Despite the volumes written on wars and conflicts there has been a vacuum in research that examines the gender aspects of political violence. Most traditional analysis of conflicts had a subliminal masculinity inherent in the texts. This is now being rectified with a surge of new work that inquires into the gender aspects of political violence and armed conflict. Current research looks at the multiple roles that women have in conflict situations from victims, supporters, caregivers, and peacemakers to re-builders in conflict and post-conflict situations. Moser and Clark’s edited volume is a collection of research around these themes, with additional questions that are raised.The introduction sets a tone for the arguments of this collection by stating that while political violence is perceived as male domain, fought and negotiated by men, yet conflict and violence is gendered. Women are perceived to be victims even when they have multiple roles and men are perceived as heroes even when they were victims. There is a clear distinction in perceptions as women’s bodies continue to determine their roles.
Of course, as the introduction states, the construction of identities varies with each social context and construction of masculinity varies in different societies. Besides the introduction the collection has two theoretical essays and the rest are case studies on conflict situations.
Cynthia Cockburn’s essay on “The Gendered Dynamics of Armed Conflict and Political Violence” theorizes gender as an integral aspect of power. Cockburn argues that there is need to look at power relations of gender before, during and after conflict when studying political violence, because the gendered aspect of power shapes every site of human interaction from household to inter-state relations. This is evident in all aspects of how women and men’s bodies are nourished, trained and deployed. In the economy it is linked to how property and distribution of resources and in politics of how political power is controlled. Cockburn then goes on to show the importance of uncovering the gender aspect in conflicts and in peace negotiations.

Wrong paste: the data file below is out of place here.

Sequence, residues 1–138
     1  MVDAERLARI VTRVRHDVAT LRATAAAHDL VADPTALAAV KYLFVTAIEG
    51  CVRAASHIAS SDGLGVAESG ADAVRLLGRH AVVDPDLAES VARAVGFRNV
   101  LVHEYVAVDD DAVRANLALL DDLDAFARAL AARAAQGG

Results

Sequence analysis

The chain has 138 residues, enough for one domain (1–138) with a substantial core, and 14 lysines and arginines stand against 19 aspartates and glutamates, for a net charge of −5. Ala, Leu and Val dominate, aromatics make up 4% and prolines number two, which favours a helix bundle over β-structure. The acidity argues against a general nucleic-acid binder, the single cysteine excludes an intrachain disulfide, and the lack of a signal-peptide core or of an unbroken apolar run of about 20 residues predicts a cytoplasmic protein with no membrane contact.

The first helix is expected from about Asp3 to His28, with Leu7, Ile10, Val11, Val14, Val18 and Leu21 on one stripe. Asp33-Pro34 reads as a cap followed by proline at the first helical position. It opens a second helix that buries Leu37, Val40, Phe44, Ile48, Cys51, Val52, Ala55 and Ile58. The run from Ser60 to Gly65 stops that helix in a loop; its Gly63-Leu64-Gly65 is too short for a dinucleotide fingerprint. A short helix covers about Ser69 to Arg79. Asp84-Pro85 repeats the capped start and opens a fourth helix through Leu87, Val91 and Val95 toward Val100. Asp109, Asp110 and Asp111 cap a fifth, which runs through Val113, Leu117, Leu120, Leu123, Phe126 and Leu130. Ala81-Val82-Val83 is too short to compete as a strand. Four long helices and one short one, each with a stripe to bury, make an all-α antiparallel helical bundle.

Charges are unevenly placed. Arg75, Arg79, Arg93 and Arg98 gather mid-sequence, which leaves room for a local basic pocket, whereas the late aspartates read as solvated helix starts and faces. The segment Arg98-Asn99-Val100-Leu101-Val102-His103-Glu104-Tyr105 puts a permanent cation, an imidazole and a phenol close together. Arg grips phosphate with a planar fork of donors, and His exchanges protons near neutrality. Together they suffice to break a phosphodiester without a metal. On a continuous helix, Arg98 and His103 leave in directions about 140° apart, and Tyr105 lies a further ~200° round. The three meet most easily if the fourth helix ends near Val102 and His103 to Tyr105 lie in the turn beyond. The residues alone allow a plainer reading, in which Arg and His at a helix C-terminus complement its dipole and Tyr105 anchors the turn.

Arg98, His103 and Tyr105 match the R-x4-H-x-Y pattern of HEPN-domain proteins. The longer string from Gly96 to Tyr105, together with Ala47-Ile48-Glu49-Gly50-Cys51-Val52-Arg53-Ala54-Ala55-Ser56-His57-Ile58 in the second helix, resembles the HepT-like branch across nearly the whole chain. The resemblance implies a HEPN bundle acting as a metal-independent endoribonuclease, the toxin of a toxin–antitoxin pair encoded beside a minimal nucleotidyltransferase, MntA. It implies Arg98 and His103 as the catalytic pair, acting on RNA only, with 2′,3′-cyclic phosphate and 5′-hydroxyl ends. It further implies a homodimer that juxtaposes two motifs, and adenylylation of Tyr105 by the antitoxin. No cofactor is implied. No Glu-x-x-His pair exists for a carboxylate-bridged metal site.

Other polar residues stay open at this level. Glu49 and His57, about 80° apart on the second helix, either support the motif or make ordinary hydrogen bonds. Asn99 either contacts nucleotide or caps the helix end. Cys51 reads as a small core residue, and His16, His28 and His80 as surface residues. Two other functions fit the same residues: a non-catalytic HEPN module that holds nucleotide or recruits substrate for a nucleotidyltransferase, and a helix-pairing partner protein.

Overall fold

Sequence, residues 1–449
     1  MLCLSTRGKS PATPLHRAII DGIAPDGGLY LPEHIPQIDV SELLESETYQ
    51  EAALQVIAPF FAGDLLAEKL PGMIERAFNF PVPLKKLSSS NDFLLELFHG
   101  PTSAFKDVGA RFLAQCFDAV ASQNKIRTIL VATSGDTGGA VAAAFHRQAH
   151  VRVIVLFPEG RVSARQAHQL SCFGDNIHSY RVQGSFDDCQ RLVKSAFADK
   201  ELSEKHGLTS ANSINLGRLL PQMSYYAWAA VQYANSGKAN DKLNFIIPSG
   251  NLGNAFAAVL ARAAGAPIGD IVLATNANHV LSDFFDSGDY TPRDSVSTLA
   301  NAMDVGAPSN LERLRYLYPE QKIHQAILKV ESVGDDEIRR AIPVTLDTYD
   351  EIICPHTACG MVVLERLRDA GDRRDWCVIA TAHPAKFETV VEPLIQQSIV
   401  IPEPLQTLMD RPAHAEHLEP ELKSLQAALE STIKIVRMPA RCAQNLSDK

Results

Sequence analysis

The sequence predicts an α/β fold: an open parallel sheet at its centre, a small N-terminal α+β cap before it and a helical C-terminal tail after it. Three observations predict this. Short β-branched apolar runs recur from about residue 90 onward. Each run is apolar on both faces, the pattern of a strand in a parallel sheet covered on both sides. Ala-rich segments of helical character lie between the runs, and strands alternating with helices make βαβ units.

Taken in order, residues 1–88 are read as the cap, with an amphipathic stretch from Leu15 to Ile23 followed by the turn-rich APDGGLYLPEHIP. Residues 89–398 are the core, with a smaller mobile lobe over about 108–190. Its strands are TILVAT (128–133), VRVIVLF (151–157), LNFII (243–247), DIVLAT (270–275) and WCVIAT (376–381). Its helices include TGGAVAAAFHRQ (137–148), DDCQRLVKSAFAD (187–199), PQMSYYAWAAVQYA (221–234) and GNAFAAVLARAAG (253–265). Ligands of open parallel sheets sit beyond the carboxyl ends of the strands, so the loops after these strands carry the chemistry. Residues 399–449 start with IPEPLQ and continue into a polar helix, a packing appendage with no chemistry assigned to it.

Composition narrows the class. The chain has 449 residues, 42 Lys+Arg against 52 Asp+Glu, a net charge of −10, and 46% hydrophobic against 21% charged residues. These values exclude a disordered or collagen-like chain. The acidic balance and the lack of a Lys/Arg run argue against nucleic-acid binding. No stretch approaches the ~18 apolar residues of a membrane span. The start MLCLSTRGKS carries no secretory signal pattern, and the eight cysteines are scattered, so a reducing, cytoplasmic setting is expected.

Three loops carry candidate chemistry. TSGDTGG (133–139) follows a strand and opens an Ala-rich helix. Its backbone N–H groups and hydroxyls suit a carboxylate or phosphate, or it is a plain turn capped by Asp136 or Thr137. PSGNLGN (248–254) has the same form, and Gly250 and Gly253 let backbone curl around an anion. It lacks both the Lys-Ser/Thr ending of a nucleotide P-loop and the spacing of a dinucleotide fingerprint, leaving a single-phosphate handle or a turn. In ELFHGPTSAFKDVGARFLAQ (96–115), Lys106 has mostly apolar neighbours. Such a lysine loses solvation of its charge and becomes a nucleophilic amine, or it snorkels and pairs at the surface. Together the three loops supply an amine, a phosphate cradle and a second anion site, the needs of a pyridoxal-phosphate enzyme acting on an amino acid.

Cockburn’s arguments that militarized societies are necessarily undemocratic however are not fully accurate. As studies show even democratic systems and societies can have aspects of militarism. This militarization is contested by other ideologies but they nonetheless exist. For instance, take the most blatant example of the USA. The post September 11, 2001, events showed how easily that society constructed an enemy ‘other’, resorted to an exaggerated national security threat, opposed all others who opposed the war coalitions in Afghanistan and Iraq and has assisted in the militarization of smaller and non-democratic states world over. Cockburn’s contribution that shows violence as concerned with power, is a significant contribution in this volume.
Caroline Moser’s essay on “The Gendered Continuum of Violence and Conflict” establishes the linkages between the different types of violence in a society. She categorizes conflict into political, economic and social and then shows how gendered power relations are at the base of all these conflicts. Moser also assesses the costs and consequences of gendered conflict and divides them into the economic, human and social capital. She locates gender and other relations in the impact on social capital and shows how violence erodes this. Moser’s extensive work on gender and conflict in Latin America, is highlighted in another essay with Cathy Mcilwaine specifically on “Gender and Social Capital in Contexts of Political Violence” where the authors argue that gender violence erodes social capital. They also suggest ways to reconstruct societies that have been through long periods of political violence.